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Tuesday, July 16, 2024

Rail transportation for a greener future

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At no point in the history of mankind has the need for a more aggressive response to climate change and environmental challenges been more pressing.

Rail transportation is being heralded as the most responsible way to transport ground freight. On average, railroads are three to four times more fuel efficient than trucks on a ton-mile basis. It is thus safe to assume that with the reduced greenhouse gas emissions, rail is the way to go to save our tiny green planet, transport wise.

Indeed, the Philippines, as an archipelago, is more prone to the effects of radical climate change. In fact, we should welcome any move in huge transportation development projects that will alleviate any further negative impact on our already damaged environment. This includes the mega rail project being implemented by the Department of Transportation–the 147 kilometers North South Commuter Railway (NSCR) traversing Luzon from New Clark City in Pampanga to Calamba, Laguna.

In the realm of transportation, a reinvigorated focus on rail infrastructure is beginning to gain momentum, sparking hope for a sustainable and efficient future.

As we navigate the complexities of modern mobility, it’s imperative to question whether this newfound enthusiasm for rail development will endure, or if it will falter under the weight of bureaucratic inertia.

Recent strides in the Philippine rail sector offer glimpses of promise and potential. Initiatives once plagued by delays and setbacks are now attracting attention and fostering public optimism. The spotlight shines brightly on ambitious projects set to redefine our nation’s transportation landscape.

At the forefront of this movement is President Ferdinand Marcos Jr., who has elevated rail development to a top priority within his administration’s agenda. With a directive to explore funding avenues for a long-awaited railway system in Mindanao and a push for the timely implementation of the NSCR project, Marcos signals a departure from past disappointments towards a future of progress.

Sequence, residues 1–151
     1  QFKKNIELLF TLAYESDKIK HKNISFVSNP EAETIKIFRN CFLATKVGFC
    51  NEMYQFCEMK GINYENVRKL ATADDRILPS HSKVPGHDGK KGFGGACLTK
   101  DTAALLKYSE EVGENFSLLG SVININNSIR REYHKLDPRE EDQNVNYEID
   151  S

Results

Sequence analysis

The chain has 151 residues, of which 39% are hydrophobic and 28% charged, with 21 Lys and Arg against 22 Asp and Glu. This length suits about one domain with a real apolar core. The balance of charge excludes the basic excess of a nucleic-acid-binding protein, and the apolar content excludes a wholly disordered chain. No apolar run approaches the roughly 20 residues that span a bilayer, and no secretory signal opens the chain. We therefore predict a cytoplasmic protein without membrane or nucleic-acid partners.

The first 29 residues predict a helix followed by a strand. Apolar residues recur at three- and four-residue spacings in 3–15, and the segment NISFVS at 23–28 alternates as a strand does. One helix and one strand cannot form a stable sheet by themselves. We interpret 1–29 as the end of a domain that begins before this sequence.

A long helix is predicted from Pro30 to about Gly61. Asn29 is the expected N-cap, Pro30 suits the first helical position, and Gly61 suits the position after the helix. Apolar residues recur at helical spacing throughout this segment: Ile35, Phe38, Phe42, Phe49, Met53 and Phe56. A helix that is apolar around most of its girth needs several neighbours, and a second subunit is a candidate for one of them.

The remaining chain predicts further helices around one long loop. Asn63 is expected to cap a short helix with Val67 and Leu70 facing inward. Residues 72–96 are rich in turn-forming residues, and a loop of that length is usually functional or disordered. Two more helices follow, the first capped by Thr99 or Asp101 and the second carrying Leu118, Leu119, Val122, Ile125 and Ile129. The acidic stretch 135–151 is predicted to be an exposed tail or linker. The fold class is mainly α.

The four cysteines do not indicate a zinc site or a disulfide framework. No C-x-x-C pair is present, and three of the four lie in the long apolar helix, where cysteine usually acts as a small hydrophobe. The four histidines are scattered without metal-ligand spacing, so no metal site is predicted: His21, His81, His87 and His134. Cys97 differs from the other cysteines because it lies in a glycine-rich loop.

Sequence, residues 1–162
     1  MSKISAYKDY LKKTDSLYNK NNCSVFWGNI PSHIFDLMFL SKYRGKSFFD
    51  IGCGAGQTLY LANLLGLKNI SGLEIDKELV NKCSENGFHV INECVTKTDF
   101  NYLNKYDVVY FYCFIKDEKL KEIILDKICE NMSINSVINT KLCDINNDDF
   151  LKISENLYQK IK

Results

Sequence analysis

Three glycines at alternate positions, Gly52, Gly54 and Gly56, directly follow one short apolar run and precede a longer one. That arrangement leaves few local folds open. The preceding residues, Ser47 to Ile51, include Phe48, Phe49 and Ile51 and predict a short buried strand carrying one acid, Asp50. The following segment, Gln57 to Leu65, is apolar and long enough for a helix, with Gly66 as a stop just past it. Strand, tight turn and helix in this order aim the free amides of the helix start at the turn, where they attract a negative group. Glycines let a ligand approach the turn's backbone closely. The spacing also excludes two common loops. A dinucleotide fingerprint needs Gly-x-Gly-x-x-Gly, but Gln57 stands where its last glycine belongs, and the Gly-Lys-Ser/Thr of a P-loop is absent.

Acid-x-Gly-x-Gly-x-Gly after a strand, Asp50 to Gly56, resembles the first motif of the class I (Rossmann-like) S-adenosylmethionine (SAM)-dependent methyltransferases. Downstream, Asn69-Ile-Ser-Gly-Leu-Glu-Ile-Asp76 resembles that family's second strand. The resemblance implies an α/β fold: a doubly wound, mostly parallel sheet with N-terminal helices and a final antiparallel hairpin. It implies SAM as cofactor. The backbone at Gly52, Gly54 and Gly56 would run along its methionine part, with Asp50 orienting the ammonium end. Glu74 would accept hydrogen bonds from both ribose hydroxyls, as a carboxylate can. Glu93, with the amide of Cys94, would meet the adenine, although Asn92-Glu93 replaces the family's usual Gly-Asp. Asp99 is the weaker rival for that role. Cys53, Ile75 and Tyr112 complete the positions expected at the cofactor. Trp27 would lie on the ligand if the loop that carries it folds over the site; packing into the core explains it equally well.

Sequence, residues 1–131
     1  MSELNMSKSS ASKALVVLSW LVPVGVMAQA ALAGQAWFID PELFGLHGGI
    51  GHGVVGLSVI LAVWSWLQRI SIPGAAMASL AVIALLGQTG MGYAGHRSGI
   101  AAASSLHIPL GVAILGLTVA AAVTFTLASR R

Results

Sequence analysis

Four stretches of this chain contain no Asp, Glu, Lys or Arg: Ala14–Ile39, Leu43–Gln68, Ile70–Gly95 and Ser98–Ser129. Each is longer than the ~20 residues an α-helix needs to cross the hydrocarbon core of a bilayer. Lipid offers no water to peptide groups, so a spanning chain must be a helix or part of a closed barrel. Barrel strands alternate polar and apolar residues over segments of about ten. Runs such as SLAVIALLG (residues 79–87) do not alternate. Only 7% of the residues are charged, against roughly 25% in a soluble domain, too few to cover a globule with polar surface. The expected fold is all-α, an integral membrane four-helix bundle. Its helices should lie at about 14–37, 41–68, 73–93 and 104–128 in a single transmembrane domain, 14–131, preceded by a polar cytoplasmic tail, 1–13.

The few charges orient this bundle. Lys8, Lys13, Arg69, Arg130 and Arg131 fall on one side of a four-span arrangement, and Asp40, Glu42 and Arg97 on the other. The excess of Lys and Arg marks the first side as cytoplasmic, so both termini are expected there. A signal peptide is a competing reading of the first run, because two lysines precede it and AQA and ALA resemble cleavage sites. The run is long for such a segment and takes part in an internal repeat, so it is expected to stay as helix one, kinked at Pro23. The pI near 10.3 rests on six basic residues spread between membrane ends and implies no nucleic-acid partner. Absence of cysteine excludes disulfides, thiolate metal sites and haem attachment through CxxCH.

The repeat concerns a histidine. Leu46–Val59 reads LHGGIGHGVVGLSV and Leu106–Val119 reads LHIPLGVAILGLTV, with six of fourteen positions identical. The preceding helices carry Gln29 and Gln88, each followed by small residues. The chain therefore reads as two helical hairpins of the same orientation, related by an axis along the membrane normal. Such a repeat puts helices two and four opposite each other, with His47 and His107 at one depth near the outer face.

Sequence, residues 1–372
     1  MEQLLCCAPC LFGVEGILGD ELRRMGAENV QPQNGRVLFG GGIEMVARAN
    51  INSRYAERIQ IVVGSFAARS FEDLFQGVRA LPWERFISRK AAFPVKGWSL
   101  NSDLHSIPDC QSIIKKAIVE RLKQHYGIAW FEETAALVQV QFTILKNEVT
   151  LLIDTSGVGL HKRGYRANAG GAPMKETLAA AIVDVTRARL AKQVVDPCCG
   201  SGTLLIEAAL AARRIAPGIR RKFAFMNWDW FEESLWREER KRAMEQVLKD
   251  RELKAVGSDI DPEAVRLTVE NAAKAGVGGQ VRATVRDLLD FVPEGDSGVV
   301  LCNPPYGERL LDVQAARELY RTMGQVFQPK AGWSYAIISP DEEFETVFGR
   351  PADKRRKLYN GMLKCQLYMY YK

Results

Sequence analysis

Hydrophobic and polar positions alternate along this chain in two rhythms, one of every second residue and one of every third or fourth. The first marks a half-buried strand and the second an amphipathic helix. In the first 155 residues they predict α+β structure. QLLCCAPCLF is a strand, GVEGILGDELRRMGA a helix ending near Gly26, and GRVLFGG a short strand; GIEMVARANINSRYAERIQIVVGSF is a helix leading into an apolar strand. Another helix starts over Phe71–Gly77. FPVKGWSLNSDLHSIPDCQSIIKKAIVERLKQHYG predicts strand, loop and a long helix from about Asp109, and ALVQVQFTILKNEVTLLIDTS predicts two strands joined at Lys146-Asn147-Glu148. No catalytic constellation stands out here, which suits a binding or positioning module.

The NSCR, in particular, emerges as a beacon of hope amid Metro Manila’s crippling traffic congestion. Beyond alleviating urban gridlock, this ambitious undertaking holds the promise of spreading prosperity to regions beyond the capital, while safeguarding our environment from further degradation.

Rail transport, heralded as a green alternative, is poised to play a pivotal role in decarbonizing our nation’s transit networks. By offering energy-efficient mobility solutions and curbing greenhouse gas emissions, railways present a pathway towards sustainable development.

The support of international organizations like the Asian Development Bank underscores the significance of these initiatives. Their commitment to funding projects like the NSCR reflects a shared vision of inclusive growth and environmental stewardship.

As contracts are awarded to reputable companies renowned for their eco-friendly solutions, the wheels are set in motion for tangible progress. Yet, challenges loom on the horizon, from the resettlement of informal settlers along railway corridors to the complexities of project implementation.

In the face of these obstacles, the resolve of government agencies and the cooperation of affected communities are essential to ensuring the timely realization of our aspirations. The NSCR stands as a testament to our collective ambition―a symbol of progress hurtling towards a greener, more sustainable future.

As we embark on this journey, let us remain vigilant, mindful of the hurdles that lie ahead. The track is laid, the momentum is building―may we stay steadfast in our commitment to seeing this vision through to fruition.

Editor’s Notes: Ms. Wella Mayor is a distinguished advocacy communicator with a profound focus on agriculture, environment and telecommunications. With a robust background serving in both governmental and private sectors, she has honed her expertise as a consultant for local and multinational corporations, as well as non-governmental organizations. Through her work, she has contributed significantly in raising awareness about pressing environmental challenges and promoting solutions for their mitigation and adaptation.

Manila Standard’s Biodiversity 101 column is open to contributors who share the advocacies of protecting the environment and promoting sustainable practices that are being pushed by the United Nations. Such contributions are subject to the availability of space and the paper’s editorial policies. The contributions should not exceed 600 words or 4,000 characters.


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